NATO May Back Invasion Of Abkhazia As “Revenge” Against Russia
May 7, 2014
Sokhumi on Georgia’s NATO Integration
Edited by RR
Tbilisi: Breakaway Abkhazia’s foreign ministry said on Wednesday that Georgia’s NATO integration would have extremely negative consequences on regional security.
The breakaway region’s foreign ministry released the statement in response to remarks by Georgian Foreign Minister, Maia Panjikidze, who said that a visit of British Foreign Secretary William Hague to Tbilisi is important for number of reasons, including in the context of the NATO summit in Wales in September. Hague arrived in Tbilisi from Ukraine on Wednesday evening and will hold talks with the Georgian leadership on May 8.
Abkhaz foreign ministry said in its statement that the topics of discussions of Georgian officials with the British Foreign Secretary cause “our concern” because they are directly related to “Abkhazia’s national interests, first and foremost its security.”
“There is every reason to believe that the West is seriously intending to take revenge against Russia and its allies for their unwillingness to accept its [Western] dictate in Ukraine,” the breakaway region’s foreign ministry said.
“It is not ruled out that Abkhazia too may soon become a target of pressure from the Western states. Such a scenario would suit quite well revanchist forces in Georgia, who cannot reconcile themselves to existence of independent Republic of Abkhazia and who are not giving up the hope to ‘return Sukhumi’,” it said.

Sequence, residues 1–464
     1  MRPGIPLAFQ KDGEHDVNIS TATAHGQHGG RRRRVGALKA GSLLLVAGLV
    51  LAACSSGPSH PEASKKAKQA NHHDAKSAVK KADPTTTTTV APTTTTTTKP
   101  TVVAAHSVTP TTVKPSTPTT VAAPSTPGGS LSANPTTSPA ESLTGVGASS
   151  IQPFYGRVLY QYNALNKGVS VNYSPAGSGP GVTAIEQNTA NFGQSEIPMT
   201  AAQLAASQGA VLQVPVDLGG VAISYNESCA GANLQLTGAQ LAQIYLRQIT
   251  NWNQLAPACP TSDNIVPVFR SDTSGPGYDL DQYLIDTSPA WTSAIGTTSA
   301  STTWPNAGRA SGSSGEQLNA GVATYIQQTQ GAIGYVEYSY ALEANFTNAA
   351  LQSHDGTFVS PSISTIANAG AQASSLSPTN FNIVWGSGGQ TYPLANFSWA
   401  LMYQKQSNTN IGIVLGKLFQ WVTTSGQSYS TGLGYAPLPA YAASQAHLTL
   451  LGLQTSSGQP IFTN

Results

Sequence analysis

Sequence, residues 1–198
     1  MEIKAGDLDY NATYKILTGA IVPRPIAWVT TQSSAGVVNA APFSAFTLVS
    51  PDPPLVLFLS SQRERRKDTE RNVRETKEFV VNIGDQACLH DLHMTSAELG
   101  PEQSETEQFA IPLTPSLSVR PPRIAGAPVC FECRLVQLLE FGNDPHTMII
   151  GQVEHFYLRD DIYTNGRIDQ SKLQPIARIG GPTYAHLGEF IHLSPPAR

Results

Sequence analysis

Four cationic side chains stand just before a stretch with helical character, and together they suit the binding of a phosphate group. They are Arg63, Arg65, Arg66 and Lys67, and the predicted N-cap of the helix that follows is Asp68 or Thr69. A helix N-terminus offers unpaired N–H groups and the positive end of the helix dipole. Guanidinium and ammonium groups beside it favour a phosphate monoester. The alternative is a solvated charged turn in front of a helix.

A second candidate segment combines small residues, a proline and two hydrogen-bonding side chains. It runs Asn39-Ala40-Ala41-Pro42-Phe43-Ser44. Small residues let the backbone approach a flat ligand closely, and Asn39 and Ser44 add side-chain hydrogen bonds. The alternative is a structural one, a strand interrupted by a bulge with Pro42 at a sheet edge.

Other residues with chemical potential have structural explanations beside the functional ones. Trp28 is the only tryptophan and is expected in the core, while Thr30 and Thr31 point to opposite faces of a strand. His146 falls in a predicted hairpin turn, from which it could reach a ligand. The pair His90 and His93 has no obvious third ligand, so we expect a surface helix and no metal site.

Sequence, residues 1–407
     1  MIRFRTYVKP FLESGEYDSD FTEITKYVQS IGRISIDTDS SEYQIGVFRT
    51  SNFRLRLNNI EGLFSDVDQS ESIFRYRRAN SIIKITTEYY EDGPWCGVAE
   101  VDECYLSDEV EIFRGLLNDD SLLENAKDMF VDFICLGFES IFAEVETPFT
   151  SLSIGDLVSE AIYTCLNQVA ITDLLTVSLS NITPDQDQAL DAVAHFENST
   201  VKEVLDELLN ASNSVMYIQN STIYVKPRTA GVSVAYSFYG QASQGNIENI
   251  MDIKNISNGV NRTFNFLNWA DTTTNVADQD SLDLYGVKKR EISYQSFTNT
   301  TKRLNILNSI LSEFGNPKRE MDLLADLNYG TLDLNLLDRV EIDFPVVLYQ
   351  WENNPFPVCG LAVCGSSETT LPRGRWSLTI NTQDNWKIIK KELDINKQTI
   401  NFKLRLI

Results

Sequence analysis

It also said that Georgia’s “NATO perspectives should be considered in the context” of recent remarks by NATO’s top military commander in Europe, U.S. Air Force General Philip Breedlove, who said on May 6 that NATO has to consider permanently stationing troops in its eastern European allies.
“It is not ruled out that some ‘hot heads’ in Tbilisi will be happy to make use of this situation in order to achieve the deployment of NATO bases in Georgia. It will have extremely negative consequences for regional security,” the breakaway region’s foreign ministry said, adding that in that case Sokhumi would seek to further boost military cooperation with Russia, which already has at least 3,500 army soldiers plus border guard troops in Abkhazia.
Russia announced on May 6 its intention to send over 80 new, upgraded armored personnel carriers to its military base in Abkhazia this summer.